A Concrete Treatment of Fiat-Shamir Signatures in the Quantum Random-Oracle Model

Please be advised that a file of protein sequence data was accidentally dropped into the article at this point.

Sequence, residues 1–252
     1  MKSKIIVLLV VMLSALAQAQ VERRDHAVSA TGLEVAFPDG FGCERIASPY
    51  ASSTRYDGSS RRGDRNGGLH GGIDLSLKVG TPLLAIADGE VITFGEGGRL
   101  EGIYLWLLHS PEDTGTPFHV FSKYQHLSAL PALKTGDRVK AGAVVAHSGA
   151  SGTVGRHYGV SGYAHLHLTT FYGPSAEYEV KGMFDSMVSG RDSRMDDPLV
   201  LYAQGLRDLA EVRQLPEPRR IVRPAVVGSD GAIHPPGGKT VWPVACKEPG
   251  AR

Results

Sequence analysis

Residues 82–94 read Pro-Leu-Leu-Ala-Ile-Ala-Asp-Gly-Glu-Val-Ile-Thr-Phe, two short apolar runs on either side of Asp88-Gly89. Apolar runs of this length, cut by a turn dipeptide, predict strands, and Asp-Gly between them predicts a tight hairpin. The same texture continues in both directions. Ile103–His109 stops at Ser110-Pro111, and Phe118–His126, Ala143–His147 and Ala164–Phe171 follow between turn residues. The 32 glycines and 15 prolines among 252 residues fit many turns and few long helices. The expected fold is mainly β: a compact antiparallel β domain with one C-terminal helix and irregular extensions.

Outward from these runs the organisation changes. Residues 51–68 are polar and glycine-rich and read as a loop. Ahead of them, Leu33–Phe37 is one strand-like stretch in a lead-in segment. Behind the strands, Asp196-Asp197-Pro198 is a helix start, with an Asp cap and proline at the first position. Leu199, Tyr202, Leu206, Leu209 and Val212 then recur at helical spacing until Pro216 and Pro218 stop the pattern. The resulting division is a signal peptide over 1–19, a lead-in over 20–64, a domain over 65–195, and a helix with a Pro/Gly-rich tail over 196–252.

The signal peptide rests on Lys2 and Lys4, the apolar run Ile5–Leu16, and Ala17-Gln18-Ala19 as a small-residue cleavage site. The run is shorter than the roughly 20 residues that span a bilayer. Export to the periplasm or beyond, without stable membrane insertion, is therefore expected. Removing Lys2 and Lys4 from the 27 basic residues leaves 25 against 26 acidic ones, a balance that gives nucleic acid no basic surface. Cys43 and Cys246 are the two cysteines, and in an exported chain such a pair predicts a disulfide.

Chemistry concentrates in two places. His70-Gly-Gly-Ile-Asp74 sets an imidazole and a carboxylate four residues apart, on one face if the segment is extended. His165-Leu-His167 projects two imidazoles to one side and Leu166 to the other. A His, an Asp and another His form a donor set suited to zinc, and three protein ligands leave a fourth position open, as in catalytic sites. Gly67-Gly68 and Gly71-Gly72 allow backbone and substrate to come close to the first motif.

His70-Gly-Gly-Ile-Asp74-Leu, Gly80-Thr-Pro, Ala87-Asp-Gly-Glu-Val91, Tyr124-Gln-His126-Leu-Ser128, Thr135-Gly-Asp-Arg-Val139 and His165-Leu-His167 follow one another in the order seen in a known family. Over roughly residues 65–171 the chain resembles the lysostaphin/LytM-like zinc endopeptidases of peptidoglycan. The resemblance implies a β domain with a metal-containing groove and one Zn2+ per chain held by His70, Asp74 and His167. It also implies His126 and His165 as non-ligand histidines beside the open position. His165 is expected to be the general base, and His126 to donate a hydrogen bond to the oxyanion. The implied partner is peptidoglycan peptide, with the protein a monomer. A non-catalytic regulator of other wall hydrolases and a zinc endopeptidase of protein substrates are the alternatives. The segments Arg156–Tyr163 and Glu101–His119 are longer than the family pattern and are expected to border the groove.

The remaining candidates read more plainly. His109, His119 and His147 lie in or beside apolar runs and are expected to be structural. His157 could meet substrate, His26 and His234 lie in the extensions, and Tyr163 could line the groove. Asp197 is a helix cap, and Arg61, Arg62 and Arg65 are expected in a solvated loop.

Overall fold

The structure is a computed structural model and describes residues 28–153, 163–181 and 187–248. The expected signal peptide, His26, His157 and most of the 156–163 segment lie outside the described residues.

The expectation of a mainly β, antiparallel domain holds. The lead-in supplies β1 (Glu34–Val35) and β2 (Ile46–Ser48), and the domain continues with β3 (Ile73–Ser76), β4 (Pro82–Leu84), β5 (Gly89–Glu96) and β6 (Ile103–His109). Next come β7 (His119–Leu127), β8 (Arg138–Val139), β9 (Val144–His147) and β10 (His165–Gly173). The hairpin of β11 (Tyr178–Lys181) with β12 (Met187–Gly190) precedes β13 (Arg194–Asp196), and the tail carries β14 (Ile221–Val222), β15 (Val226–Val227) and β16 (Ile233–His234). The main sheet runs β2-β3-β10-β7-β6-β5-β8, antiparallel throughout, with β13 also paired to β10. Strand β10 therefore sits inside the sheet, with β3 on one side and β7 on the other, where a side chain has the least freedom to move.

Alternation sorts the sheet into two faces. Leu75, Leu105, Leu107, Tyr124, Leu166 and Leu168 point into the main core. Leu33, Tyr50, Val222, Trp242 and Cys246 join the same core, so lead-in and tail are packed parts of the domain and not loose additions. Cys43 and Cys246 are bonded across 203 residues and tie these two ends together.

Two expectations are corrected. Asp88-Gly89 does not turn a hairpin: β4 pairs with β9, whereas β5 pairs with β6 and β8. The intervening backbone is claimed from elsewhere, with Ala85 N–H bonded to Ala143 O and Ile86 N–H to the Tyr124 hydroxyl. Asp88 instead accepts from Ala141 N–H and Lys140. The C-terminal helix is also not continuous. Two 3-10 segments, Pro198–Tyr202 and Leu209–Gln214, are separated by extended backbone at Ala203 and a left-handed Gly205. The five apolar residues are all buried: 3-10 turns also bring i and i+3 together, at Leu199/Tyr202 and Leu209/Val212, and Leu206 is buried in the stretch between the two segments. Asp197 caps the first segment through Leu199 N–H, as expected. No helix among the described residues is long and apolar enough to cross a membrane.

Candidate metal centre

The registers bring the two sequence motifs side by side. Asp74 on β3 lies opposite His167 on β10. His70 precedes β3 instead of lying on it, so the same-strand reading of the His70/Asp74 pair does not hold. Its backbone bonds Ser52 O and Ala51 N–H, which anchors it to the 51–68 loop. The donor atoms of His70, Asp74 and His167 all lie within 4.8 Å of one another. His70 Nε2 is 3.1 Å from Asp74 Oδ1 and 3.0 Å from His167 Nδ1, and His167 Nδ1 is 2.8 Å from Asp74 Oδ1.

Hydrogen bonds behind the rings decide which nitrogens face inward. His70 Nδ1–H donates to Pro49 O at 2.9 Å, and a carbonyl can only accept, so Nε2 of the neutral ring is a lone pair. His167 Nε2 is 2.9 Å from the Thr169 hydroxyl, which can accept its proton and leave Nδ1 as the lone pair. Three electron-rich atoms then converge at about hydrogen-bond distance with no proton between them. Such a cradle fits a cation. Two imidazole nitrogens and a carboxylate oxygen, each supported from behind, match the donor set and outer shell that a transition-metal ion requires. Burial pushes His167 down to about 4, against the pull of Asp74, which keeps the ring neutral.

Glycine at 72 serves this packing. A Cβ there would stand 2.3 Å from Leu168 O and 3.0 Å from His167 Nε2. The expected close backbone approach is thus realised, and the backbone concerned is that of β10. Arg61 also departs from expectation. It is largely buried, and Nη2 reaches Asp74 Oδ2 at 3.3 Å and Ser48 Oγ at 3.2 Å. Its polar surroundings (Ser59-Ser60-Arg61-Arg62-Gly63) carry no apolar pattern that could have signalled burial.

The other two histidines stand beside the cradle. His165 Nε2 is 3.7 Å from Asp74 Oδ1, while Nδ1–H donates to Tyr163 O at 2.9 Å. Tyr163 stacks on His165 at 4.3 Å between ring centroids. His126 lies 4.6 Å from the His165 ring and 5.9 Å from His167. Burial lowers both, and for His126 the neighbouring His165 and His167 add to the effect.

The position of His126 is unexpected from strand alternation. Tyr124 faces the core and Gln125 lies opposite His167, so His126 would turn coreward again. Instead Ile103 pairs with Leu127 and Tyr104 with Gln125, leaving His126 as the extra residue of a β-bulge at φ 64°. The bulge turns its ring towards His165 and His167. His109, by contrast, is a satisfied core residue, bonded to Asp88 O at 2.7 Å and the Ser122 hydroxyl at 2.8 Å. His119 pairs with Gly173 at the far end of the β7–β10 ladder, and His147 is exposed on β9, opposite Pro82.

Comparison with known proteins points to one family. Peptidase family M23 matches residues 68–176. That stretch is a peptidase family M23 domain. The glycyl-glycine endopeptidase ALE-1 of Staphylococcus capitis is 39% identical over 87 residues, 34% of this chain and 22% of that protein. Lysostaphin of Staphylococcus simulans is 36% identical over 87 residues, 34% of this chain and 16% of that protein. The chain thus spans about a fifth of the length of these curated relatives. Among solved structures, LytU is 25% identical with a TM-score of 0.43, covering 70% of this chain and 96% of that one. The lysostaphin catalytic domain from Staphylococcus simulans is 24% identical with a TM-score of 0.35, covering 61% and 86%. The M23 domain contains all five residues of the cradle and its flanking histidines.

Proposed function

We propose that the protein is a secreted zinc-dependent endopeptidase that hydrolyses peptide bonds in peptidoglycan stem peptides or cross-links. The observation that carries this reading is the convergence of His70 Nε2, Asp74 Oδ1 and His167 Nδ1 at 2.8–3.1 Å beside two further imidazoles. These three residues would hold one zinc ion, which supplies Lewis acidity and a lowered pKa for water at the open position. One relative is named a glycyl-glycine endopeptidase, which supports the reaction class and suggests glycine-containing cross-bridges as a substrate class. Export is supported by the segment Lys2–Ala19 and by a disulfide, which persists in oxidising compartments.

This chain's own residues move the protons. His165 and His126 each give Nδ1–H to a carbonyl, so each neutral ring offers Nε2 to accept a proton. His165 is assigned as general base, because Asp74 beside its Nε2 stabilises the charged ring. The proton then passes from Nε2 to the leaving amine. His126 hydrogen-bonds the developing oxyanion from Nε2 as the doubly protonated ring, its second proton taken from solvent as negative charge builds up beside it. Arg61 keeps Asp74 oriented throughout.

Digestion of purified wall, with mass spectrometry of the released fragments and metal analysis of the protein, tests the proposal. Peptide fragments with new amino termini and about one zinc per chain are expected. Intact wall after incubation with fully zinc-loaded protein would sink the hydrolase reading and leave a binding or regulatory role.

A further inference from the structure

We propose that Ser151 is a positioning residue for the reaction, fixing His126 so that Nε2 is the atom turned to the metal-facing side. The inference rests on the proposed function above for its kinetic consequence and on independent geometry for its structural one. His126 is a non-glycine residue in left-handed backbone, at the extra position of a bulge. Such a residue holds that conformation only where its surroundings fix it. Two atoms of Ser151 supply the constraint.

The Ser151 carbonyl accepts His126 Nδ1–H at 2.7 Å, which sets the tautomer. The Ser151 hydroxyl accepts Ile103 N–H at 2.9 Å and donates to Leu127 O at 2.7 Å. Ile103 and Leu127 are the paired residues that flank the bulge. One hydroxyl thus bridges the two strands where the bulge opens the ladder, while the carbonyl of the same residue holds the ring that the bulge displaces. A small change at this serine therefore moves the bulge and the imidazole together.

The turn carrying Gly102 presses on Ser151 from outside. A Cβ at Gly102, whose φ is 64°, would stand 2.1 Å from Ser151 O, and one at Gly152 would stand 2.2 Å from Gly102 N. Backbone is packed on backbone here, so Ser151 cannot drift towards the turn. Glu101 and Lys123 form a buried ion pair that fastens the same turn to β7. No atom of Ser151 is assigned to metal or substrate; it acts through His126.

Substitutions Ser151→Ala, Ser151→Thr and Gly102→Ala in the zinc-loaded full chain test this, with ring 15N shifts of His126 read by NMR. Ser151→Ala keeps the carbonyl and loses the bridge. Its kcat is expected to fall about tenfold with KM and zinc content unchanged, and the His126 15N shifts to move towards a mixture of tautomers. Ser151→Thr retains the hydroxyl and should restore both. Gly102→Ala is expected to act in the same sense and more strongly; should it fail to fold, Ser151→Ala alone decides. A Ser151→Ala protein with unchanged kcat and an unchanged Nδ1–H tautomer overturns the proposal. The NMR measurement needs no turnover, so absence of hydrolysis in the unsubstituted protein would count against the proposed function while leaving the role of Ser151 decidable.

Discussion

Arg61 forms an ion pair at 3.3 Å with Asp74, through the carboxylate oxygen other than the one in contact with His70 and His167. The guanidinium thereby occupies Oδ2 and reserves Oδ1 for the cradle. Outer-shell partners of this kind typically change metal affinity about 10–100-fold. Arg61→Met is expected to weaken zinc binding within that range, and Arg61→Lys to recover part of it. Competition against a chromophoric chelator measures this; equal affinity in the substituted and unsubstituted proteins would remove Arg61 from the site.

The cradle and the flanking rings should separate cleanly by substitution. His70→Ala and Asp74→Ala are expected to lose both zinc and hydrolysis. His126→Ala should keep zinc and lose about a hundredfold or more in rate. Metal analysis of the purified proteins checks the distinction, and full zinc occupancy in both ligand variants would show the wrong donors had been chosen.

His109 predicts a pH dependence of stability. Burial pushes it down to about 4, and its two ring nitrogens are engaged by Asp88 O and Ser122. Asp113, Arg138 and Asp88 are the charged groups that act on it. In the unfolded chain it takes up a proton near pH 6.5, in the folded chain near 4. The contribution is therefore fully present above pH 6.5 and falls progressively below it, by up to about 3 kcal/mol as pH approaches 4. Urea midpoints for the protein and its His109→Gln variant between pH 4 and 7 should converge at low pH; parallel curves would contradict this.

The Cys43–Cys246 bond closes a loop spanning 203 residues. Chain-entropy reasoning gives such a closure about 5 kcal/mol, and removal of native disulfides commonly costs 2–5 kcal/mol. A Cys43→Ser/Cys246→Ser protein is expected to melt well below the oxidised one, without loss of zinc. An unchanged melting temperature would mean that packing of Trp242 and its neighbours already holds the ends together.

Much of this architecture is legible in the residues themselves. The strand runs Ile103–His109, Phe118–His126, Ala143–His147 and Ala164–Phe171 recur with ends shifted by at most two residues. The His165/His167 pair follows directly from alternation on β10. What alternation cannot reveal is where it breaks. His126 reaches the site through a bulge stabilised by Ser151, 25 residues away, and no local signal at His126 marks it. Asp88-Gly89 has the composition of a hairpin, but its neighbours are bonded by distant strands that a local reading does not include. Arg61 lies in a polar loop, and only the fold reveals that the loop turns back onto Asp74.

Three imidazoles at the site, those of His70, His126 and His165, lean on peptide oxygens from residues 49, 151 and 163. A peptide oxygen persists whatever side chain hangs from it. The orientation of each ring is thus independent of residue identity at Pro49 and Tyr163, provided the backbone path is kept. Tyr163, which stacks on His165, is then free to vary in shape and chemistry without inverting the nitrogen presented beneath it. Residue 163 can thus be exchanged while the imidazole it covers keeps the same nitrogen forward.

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A Concrete Treatment of Fiat-Shamir Signatures in the Quantum Random-Oracle Model Eike Kiltz 1 Vadim Lyubashevsky 2 Christian Schaﬀner 3 February 20, 2018 1 Ruhr Universität Bochum [email protected] 2 IBM Research – Zurich [email protected] 3 QuSoft and ILLC, University of Amsterdam [email protected] Abstract The Fiat-Shamir transform is a technique for combining a hash function and an identiﬁcation scheme to produce a digital signature scheme. The resulting scheme is known to be secure in the random oracle model (ROM), which does not, however, imply security in the scenario where the adversary also has quantum access to the oracle. The goal of this current paper is to create a generic framework for constructing tight reductions in the QROM from underlying hard problems to Fiat-Shamir signatures. Our generic reduction is composed of two results whose proofs, we believe, are simple and natural. We ﬁrst consider a security notion (UF-NMA) in which the adversary obtains the public key and attempts to create a valid signature without accessing a signing oracle. We give a tight reduction showing that deterministic signatures (i.e., ones in which the randomness is derived from the message and the secret key) that are UF-NMA secure are also secure under the standard chosen message attack (UF-CMA) security deﬁnition. Our second result is showing that if the identiﬁcation scheme is “lossy”, as deﬁned in (Abdalla et al. Eurocrypt 2012), then the security of the UF-NMA scheme is tightly based on the hardness of distinguishing regular and lossy public keys of the identiﬁcation scheme. This latter distinguishing problem is normally exactly the deﬁnition of some presumably-hard mathematical problem. The combination of these components gives our main result. As a concrete instantiation of our framework, we modify the recent lattice-based Dilithium digital signature scheme (Ducas et al., TCHES 2018) so that its underlying identiﬁcation scheme admits lossy public keys. The original Dilithium scheme, which is proven secure in the classical ROM based on standard lattice assumptions, has 1.5KB public keys and 2.7KB signatures. The new scheme, which is tightly based on the hardness of the Module-LWE problem in the QROM using our generic reductions, has 7.7KB public keys and 5.7KB signatures for the same security level. Furthermore, due to our proof of equivalence between the UF-NMA and UF-CMA security notions of deterministic signature schemes, we can formulate a new non-interactive assumption under which the original Dilithium signature scheme is also tightly secure in the QROM. 1 Introduction Fiat-Shamir Signatures from Identification Protocols. A canonical identiﬁcation scheme [AABN02] is a three-move authentication protocol ID of a speciﬁc form. The prover (holding the secret- key) sends a commitment W to the veriﬁer. The veriﬁer (holding the public-key) returns a random challenge c. The prover sends a response Z. Finally, using the veriﬁcation algorithm, the veriﬁer accepts if the transcript (W , c, Z) is correct. The Fiat-Shamir transformation [FS87, AABN02] combines a canonical identiﬁcation scheme ID and a hash function H to obtain a digital signature scheme FS = FS[ID, H]. The signing algorithm ﬁrst iteratively generates a transcript (W , c, Z), where the challenge c is derived via ID SS Rewinding HVZK FS UF-NMA FS UF-CMA ID LOSSY Figure 1: Known security results of Fiat-Shamir signatures FS = FS[ID, H] in the ROM. Solid arrows denote tight reductions, dashed arrows non-tight reductions. c := H(W k M ). Signature σ = (W , Z) is valid if the transcript (W , c := H(W k M ), Z) makes the veriﬁcation algorithm accept. Lyubashevsky [Lyu09] further generalized this to the “Fiat-Shamir with aborts” transformation to account for aborting provers. Security of Fiat-Shamir Signatures in the ROM. Security of FS[ID, H] in the ROM can be proved in two steps. Firstly, if the underlying identiﬁcation scheme has statistical Honest-Veriﬁer Zero-Knowledge (HVZK), then UnForgeability against Chosen Message Attack (UF-CMA) and UnForgeability against No Message Attack (UF-NMA) are tightly equivalent (UF-NMA security means that the adversary is not allowed to make any signing queries). Secondly, the Forking Lemma [PS00, BN06] (based on a technique called “rewinding”) is used to prove UF-NMA security in the random-oracle model (ROM) [BR93] from computational Special Soundness (SS). The latter part of the security reduction is non-tight and the loss in tightness is known to be inherent (e.g., [PV05, KMP16]). Lossy Identification schemes. With the goal of constructing signature schemes with a tight security reduction and generalizing a signature scheme by Katz and Wang [KW03], AFLT [AFLT12] introduced the new concept of lossy identiﬁcation schemes and proved that Fiat-Shamir transformed signatures have a tight security reduction in the ROM. A lossy identiﬁcation scheme comes with an additional lossy key generator that produces a lossy public key, computationally indistinguishable from a honestly generated public key. Further, relative to a lossy public key the identiﬁcation scheme has statistical soundness, i.e., not even an unbounded adversary can successfully impersonate a prover. Figure1 summarizes the known security results of Fiat-Shamir signatures in the ROM. Quantum Random-Oracle Model. Recently, NIST announced a competition with the goal to standardize new asymmetric encryption and signature schemes [NIS13] with security against quantum adversaries, i.e., adversaries equipped with a quantum computer. There exists a number of (sometimes only implicitly deﬁned) canonical identiﬁcation schemes (e.g., [Ste94, MV03, Lyu08, KTX08, Lyu09, AFLT12, GLP12, Lyu12, DDLL13, DLP14, BG14, Lyu16, ABB+17, DLL+17]) whose security relies on the hardness of certain problems over lattices and codes, which are generally believed to resist quantum adversaries. Quantum computers may execute all “oﬄine primitives” such as the hash function on arbitrary superpositions, which motivated the introduction of the quantum (accessible) random-oracle model (QROM) [BDF+11]. That is, in the UF-CMA security experiment for signatures in the QROM, an adversary has quantum access to a perfect hash function H and classical access to the signing oracle. Aiding in the construction of UF-CMA secure signatures with provable (post-quantum) security in the QROM is the main motivation of this paper. Security of Fiat-Shamir signatures in the QROM. A number of recent works considered the security of Fiat-Shamir transformed signatures in the QROM. [BDF+11] proved a general result showing that if a reduction in the classical ROM is history-free, then it can also be carried out in the QROM. History-free reductions basically determine random oracle answers independently of the history of previous queries. For reductions that are not history-free, adaptive re-programming of the quantum random oracle is required which is problematic in the QROM: with one single quantum query to all inputs in superposition, an adversary might learn a superposition of all possible random oracle values which essentially means the reduction has to provide plausible values for the whole random oracle at this point. Hence, adaptive reprogramming in the QROM is diﬃcult (but not impossible e.g., [BBBV97, ES15, Unr15]). Unfortunately, the known random-oracle proofs of Fiat-Shamir signatures [PS00, AFLT12, KMP16] are not history-free. Beyond the general problem of adaptive re-programming, the classical proof [PS00] uses rewinding and the Forking Lemma, a technique that we currently do not know how to extend to the 2 quantum setting. Even worse, Ambanis et al. [ARU14] proved that Fiat-Shamir signatures cannot be proven secure in a black-box way by just assuming computational special soundness and HVZK (these two conditions are, on the other hand, suﬃcient for a proof in the classical ROM.) To circumvent the above negative result, Unruh [Unr15] proposed an alternative Fiat-Shamir transfor- mation with provable QROM security but the resulting signatures are considerably less eﬃcient as they require multiple executions of the underlying identiﬁcation scheme. Alkim et. al [ABB+17] gave a concrete tight security reduction for a signature scheme, TESLA, in the QROM. TESLA is a concrete lattice-based digital signature scheme implicitly derived via the Fiat- Shamir transformation. Their QROM proof from the learning with errors (LWE) assumption adaptively re-programs the quantum random oracle using a technique from [BBBV97] and seems tailored to their particular identiﬁcation protocol. As described in [ABB+17], the intuition behind the QROM security proof for TESLA comes from the fact that the underlying identiﬁcation scheme is lossy. They leave it as an open problem to prove Fiat-Shamir signatures generically secure from lossy identiﬁcation schemes. Unruh [Unr17a] could prove (among other things) that identiﬁcation schemes with HVZK and statistical soundness yield UF-CMA secure Fiat-Shamir signatures in the QROM when additionally assuming a “dual-mode hard instance generator” for generating key pairs of the identiﬁcation scheme. The latter dual mode hard instance generator is very similar to lossy identiﬁcation schemes. Whereas the original publication [Unr17a] only contains asymptotic proofs, a recently updated version of the full version [Unr17b] also provides concrete security bounds. Below, in Section 1.2, we will compare them with our bounds. 1.1 Our Results This work contains a simple and modular security analysis in the QROM of signatures FS[ID, H] obtained via the Fiat-Shamir transform with aborts [Lyu09] from any lossy identiﬁcation scheme ID. We also consider the security of a deterministic variant DFS[ID, H, PRF] with better tightness. DFS derives the randomness for signing deterministically using a pseudo-random function PRF. Our main security statements are summarized in Figure2. Most importantly, if ID is a lossy identiﬁcation scheme and has HVZK, then DFS[ID, H, PRF] is tightly UF-CMA secure and FS[ID, H] is (non-tightly) UF-CMA secure in the QROM.